Tony Krizan

Another forgotten aircraft located

More parts of fuselage of the plane that crashed near Edison Lake 55 years ago.
More parts of fuselage of the plane that crashed near Edison Lake 55 years ago. Special to Sierra Star

Sometime during the summer of 1962 a small Piper Cub aircraft on a photo shoot of the Edison Lake area, crashed somewhere in the surrounding mountains. Both pilot and passenger survived but the aircraft was a total loss. Over time this historic aircraft’s location was forgotten and another mountain mystery was born.

It was a hot September afternoon at Mono Hot Springs when a deer hunter by the name of Marty walked into our cabin and introduced us to his discovery. The previous day while hunting the mountains above Bear Creek, he stumbled across this airplane crash site. His story led to my personal two year trek searching for the site.

My first two solo attempts were in vain, sleeping under the stars with one eye open is quite an experience. Try waking up in the morning with bear tracks around your sleeping bag. Needless to say I was quite disappointed my search lead me to nothing.

It was early October when I decided to attempt a second search before the snow falls. This time a lady by the name of Dani wanted to share this adventure. Maybe another pair of eyes will help solve this mystery?

We departed into the mountains with blue skies and no threat of snow. We would follow a trail until arriving at the first saddle, then hike due east across these rugged mountains. Marty had sketched out a rough map and hopefully between the map and my previous treks we’ll locate the aircraft. After an hour forging our way through Manzanita bush, a higher elevation should be an easier route. Difficult to believe that boulder hopping was an easier choice.

Before starting these searches I reviewed the specs of a 1947 to 1953 Piper Cub single engine aircraft. This light aircraft sits two in tandem with only a 90 HP engine which could limit its performance on an extremely hot day.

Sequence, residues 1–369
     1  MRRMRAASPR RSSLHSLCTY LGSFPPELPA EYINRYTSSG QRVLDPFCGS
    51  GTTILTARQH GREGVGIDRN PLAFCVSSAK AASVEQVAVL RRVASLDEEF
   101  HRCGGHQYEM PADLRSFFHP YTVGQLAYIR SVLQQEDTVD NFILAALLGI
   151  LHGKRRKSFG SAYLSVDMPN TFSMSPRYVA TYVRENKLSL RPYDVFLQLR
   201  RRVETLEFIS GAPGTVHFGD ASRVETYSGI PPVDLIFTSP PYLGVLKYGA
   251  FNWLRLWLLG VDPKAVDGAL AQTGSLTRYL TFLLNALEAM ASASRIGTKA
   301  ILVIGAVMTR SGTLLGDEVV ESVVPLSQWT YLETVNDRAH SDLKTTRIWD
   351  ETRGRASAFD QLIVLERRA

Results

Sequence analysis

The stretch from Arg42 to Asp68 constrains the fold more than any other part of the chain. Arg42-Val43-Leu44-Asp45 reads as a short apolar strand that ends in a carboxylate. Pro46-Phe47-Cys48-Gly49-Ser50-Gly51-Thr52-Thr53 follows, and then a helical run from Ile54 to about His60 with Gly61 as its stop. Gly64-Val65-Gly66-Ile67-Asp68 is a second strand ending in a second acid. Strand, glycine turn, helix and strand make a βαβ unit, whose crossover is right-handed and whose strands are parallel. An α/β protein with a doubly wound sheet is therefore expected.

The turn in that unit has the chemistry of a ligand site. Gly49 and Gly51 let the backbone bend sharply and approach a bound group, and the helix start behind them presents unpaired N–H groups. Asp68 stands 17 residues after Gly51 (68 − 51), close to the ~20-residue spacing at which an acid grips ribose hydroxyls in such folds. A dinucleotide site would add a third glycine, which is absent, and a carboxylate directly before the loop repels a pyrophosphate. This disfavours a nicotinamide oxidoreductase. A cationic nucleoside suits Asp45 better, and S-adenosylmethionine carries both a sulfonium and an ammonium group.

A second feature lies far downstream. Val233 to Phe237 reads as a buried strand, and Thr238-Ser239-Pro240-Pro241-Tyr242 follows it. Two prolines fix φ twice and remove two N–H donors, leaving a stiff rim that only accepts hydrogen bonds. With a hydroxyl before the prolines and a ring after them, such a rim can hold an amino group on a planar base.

Two passengers with fuel and camera gear must have caused it to struggle flying over the steep mountains. The passes are lower in elevation, so my decision was to search those areas. The first saddle was much to narrow with large trees to block any passage for a small aircraft.

Arriving at the second saddle we split up - Dani searching the lower area as I climbed higher and we agreed to meet at the saddle’s east ridge. Another disappointing trek and with day-light slipping away, we may have enough time to search the third saddle and arrive back at the trailhead before dark. This climb was steeper than the previous two saddles, but gazing out over this much wider area and trees were not as tall. Maybe this area has a possibility of hiding the crash site?

With my field glasses I started searching those areas not concealed by underbrush and tall pine trees. While searching I felt a tap on my shoulder. Dani directed my attention to an area on the extreme right within a cluster of pine trees. Now considering I’m using field glass and Dani had only her naked eyes, she spotted the wreck site. I nicknamed her pilot eyes.

Hiking down into the saddle was exciting. Was this the aircraft that eluded me for more than two years? Hidden by the trees was that Piper Cub aircraft forgotten for decades. To describe the emotion I was feeling - it’s like panning for gold and discover in the black sand that precious yellow color.

The wings were separated from the yellow and turquoise trim fuselage. The cowling and door were located 200 feet in the canyon below. The fabric that covered its structure probably burnt or deteriorated over time. If the pilot had another 15 feet of elevation with another 30 yards forward he may have cleared the saddle. If he cleared the saddle all that remained of this flight were a few mountains to skirt around before continuing to Fresno.

We arrived back to the trailhead before dark with memories of another mountain mystery solved.

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